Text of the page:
Fire McChrystal

When I began managing Kramerbooks & Afterwords Café back in 1987, the first thing the owner told me was to hire my own replacement. I thought this a bizarre request seeing as he had just hired me to run the place. He explained that many people depended for their livelihoods on the café running successfully and that if I got hit by a bus, the whole operation could not come grinding to a halt. My first task, therefore, was to make sure that I had in place one or more colleagues and subordinates who knew how to do the schedule, examine the payroll, train new staff, etc. This was sage advice.

I thought of this exchange when I read the Post’s editorial arguing that as much as Gen. Stanley McChrystal may deserve to get fired, he is so indispensable to the current operations in Afghanistan that he cannot possibly be replaced. If this is true, he – and some of the Joint Chiefs - need to learn some basic management skills from the owner of Kramers. The Post noted that McChrystal is the architect of the current counter-insurgency plan, adopted after many long deliberations among the National Security team last year. Additionally, they argue that he has developed key relationships with Afghan and Pakistani officials. This last might, repeat might, be reason to stay the removal of this man. But, as I say, if he was not ensuring that others in his command were meeting with key officials, he was failing to do his job and should be fired for mismanagement.

The Post then writes that “Most important, the inflammatory comments in the Rolling Stone article are symptomatic of a deeper dysfunction for which Gen. McChrystal is not chiefly responsible.” They go on to point out that the debate between the military and civilian leadership has spilled into the public arena before, noting a comment from Ambassador Eikenberry, another from Vice President Biden and a third from the Secretary of Defense, Robert Gates. But, those three men are civilians and the last two hold political jobs. The White House may not like it when its internal policy disputes are leaked to the press (anymore than the USCCB does!) but it is not a violation of one of the most sacred principles of the American Constitutional system, the subjugation of the military to civilian leadership.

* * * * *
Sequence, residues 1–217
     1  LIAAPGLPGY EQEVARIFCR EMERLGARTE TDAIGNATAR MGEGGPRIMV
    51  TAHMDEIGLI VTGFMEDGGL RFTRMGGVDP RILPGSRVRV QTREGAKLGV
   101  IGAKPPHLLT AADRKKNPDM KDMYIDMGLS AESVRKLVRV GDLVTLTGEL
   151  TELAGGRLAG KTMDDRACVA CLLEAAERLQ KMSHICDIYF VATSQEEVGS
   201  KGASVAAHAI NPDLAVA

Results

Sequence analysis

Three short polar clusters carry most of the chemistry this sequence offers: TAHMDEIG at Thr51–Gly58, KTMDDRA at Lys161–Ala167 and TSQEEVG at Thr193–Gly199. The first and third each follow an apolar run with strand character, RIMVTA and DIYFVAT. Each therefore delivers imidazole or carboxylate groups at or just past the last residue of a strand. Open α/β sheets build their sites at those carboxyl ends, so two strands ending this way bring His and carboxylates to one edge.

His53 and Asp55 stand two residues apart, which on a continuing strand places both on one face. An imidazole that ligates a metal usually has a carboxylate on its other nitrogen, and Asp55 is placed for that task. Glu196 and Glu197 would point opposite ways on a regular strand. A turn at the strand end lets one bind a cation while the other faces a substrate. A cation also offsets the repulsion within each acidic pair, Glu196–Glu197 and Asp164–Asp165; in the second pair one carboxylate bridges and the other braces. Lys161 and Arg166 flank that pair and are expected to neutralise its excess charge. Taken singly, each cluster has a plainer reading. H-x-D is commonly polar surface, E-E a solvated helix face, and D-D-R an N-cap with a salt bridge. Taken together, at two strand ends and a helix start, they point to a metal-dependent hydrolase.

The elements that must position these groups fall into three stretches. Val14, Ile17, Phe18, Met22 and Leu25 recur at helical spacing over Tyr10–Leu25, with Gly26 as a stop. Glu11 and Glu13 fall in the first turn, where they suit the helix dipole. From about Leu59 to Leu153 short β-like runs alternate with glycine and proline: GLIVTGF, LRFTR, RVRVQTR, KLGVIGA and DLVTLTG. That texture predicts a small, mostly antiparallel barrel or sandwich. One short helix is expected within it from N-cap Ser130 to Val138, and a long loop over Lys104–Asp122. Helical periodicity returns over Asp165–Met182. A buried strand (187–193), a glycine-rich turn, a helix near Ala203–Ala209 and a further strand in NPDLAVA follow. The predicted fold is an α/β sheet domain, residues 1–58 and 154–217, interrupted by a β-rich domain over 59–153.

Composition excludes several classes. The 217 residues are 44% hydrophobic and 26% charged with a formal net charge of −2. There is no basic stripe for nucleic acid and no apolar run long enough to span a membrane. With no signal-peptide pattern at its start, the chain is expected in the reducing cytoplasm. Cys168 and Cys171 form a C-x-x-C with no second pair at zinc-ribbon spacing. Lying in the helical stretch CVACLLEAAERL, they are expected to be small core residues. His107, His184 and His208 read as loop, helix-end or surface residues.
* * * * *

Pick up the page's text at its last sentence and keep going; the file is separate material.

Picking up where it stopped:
It is safe to assume that no matter what the President does, he is going to get attacked by the usual suspects at Fox News and the Wall Street Journal editorial page. This should not deter him. Think of the stature of Gen. Douglas MacArthur when President Truman fired him, but fire him he did and massive protests ensued. The Republicans threatened congressional inquiries. But, in the event, the ticker tape had barely been cleaned up when people came to their senses and came to see Truman’s action as necessary.

Last night, I re-read the announcement of Truman’s decision. Here are the relevant parts: “With deep regret, I have concluded that General of the Army Douglas MacArthur is unable to give his whole-hearted support to the policies of the United States Government and of the United Nations in matters pertaining to his official duties. In view of the specific responsibilities imposed on me by the Constitution of the United States….I have decided I must make a change of command in the Far East. I have, therefore, relieved General MacArthur of his commands and have designated Lieutenant General Matthew B. Ridgway as his successor. Full and vigorous debate on matters of national policy is a vital element in the constitutional system of our free democracy. It is fundamental, however, that military commanders must be governed by the policies and directives issued to them in the manner provided by our laws and Constitution. In time of crisis, the consideration is particularly compelling….”

The Church, so far as I know, has no position on the constitutional provisions regarding civilian supremacy over the military, beyond the normal concern for observance of legitimate laws. But, the Church’s history with ugly military regimes should counsel us to be vigilant about such constitutional provisions. I do not for a minute think the U.S. is in danger of a coup, but that is not the point. The constitutional requirement that the military answer to civilian leadership is a mark of a civilized society and the Church has a distinct interest in promoting civilized behavior among nations.

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